Good, in-depth stuff from Sarah Perez of TechCrunch.
Showing 37 posts tagged iOS 6
Everyone else in the tech world expected Apple to release its own mapping service for three years, but Google, the one company that stood to lose the most, did not? OK, sure. If you believe that, I have a melted bridge to sell you.
I’m not sure what Google’s play is here in strategically leaking some of this info. Do they want us to feel bad for them? Inspire more outrage against Apple for the Maps situation? The way these stories are set up, the opposite is almost true. They makes it seem like Google is kind of clueless (which I don’t think is actually true).
Or maybe they just felt the need to temper expectations for a Google Maps iOS client, since it’s not coming anytime soon (despite erroneous reports suggesting it was already submitted and Apple was blocking it).
Since we’re just about week into regular, everyday usage of Apple Maps with iOS 6, I started this Branch to get some impressions beyond the hyperbolic headlines. And guess what? People are actually posting well-reasoned, thoughtful, and balanced insights into the feature. Yes, this is actually taking place on the internet!
Asked by Anonymous
That’s a great point. There have been something north of 400 million total iOS device sales in total, which means the percentage of people who could upgrade and did is likely much higher. Sadly, I have no idea what that number is.
Unlike Joe Nocera, Jean-Louis Gassée (obviously) understands Apple and is much more thoughtful when it comes to the Maps situation.
He takes a quick swipe at the press coverage of the situation:
Pageview-driven commenters do the expected. After having slammed the “boring” iPhone 5, they reversed course when preorders exceed previous records, and now they reverse course again when Maps shows a few warts.
Then he goes after Nocera himself:
Even Joe Nocera, an illustrious NYT writer, joins the chorus with a piece titled Has Apple Peaked? Note the question mark, a tired churnalistic device, the author hedging his bet in case the peak is higher still, lost in the clouds. The piece is worth reading for its clichés, hyperbole, and statements of the obvious: “unmitigated disaster”, “the canary in the coal mine”, and “Jobs isn’t there anymore”, tropes that appear in many Maps reviews.
Gassée faults Apple for poor wording and marketing around what is clearly not a superior product. I agree with that. In their iOS 6 preview events and the iPhone 5 event, Apple set up their Maps as better than Google Maps. That’s silly and clearly not true. This opened the door wider than it normally would have been for backlash.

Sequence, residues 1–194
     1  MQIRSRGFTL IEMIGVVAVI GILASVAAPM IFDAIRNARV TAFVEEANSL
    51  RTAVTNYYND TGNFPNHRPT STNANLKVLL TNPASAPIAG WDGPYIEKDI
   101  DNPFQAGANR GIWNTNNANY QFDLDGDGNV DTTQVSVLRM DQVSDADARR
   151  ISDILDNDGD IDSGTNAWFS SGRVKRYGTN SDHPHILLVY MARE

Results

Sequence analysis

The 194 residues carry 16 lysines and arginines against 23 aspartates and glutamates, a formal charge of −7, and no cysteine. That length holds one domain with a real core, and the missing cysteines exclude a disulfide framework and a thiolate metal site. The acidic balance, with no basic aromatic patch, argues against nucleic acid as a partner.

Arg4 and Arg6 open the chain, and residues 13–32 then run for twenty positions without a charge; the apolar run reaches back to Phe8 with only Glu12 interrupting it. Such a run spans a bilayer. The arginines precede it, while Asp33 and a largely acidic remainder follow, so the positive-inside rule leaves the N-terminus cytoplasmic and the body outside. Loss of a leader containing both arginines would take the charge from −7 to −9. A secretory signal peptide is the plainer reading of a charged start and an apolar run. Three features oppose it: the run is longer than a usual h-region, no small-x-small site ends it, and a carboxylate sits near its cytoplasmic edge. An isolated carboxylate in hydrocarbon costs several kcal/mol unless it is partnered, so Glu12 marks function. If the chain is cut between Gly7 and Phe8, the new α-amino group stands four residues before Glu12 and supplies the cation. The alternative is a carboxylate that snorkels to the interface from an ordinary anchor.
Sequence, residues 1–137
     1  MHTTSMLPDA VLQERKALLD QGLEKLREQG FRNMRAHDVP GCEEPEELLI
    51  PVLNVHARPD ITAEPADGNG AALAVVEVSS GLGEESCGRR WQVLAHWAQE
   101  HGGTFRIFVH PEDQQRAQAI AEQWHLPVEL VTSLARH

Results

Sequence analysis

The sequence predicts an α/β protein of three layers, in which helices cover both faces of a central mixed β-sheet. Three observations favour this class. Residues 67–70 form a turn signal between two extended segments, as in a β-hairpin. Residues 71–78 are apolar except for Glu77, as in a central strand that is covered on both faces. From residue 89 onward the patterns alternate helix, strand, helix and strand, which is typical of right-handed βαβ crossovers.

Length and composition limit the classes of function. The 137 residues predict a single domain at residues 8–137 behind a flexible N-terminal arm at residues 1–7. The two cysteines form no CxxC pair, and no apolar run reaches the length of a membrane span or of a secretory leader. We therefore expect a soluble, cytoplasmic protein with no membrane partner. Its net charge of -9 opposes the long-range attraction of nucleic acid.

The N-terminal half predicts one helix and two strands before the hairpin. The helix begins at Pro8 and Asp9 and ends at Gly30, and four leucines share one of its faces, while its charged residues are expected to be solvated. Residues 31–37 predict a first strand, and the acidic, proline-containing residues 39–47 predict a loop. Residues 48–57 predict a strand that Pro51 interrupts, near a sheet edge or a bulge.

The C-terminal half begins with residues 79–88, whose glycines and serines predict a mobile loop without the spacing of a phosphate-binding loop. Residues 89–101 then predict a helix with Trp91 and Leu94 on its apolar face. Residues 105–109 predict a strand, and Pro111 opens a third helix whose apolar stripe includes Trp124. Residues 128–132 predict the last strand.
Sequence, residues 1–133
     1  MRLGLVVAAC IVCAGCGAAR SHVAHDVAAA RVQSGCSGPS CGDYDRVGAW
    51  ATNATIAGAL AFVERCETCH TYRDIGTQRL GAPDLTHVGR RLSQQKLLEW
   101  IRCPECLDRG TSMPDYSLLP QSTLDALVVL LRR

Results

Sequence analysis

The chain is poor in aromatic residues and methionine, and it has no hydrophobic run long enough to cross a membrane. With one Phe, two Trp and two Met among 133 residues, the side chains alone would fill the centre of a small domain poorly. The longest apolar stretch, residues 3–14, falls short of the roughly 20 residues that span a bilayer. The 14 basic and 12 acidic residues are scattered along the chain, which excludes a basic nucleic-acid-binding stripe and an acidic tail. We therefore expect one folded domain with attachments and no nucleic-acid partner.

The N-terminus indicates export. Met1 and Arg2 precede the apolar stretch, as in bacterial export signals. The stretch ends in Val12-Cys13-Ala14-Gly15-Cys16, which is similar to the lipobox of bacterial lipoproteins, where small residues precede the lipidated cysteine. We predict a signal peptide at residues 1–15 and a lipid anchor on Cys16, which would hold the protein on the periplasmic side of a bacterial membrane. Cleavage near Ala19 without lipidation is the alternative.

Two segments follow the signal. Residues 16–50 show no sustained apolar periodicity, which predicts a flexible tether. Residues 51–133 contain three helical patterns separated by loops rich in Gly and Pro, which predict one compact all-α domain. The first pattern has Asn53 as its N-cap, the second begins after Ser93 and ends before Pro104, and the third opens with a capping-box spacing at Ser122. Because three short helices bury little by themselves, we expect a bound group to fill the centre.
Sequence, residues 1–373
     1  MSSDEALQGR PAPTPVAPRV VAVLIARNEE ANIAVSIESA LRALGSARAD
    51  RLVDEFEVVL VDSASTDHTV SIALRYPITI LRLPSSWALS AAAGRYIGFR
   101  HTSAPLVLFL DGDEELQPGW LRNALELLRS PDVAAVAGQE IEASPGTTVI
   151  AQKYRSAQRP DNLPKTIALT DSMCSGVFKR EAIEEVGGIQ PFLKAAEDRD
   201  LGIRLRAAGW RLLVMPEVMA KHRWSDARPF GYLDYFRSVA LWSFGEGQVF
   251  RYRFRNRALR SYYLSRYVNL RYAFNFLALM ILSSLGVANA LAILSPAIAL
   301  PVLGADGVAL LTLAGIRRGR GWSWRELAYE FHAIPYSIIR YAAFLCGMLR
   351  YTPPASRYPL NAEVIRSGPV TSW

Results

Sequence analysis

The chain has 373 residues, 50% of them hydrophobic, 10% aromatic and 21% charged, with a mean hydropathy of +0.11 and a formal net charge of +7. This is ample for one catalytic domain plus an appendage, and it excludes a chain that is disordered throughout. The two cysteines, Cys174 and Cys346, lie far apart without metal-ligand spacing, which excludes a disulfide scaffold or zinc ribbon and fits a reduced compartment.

Like “Antennagate” before it, the Maps situation is largely being blown way out of proportion. But that is partially Apple’s fault.
Myself and John Gruber talk for a couple hours about the iPhone 5 and iOS 6 and answer some listener questions.
My Twitter feed is full of people bitching about the new Apple Maps in iOS6 today, plus IFTTT shutting down pushing tweets into other places because of Twitter’s new TOS. Pretty different things, but in my part of the Twittersphere, similar sense of outrage.
For my part on Apple Maps in iOS6,…
Agree 100% on both topics.
Alright, let’s cut the crap, obviously the most important thing about iOS 6 is new Emojis.
Goddamn Maps App.
Okay, some of these are pretty good.
Scott Rafer responding to Anil Dash’s iOS 6 Maps rage:
What’s missing from this conversation is that map usage is critical. Regardless of Google’s PR success in the Atlantic’s unintentionally misleading Google Ground Truth infomercial, more than half of Google’s mobile map usage is going away in the next month or two. I love the Atlantic, but they got punkd. Usage makes maps better a lot faster than software does.
Rafer knows this space well as he’s right in the middle of it. For all the bluster about Maps in iOS 6, I’m surprised how little has been mentioned about the fact that this change is bad for Google too. Really bad.
As Rafer notes about Apple:
They need to stop making Google’s maps better, which is what they’ve been doing moment-in and moment-out for years.
Google had tens of million of iPhones and iPads and iPod touches working for them to bolster Google Maps until this morning with the launch of iOS 6. And not just in the Maps app, through the iOS SDK as well. Make no mistake, the change is going to have negative side effects on Google as well. Which is why I expect them to still make a Google Maps iOS app.
[via John Gruber]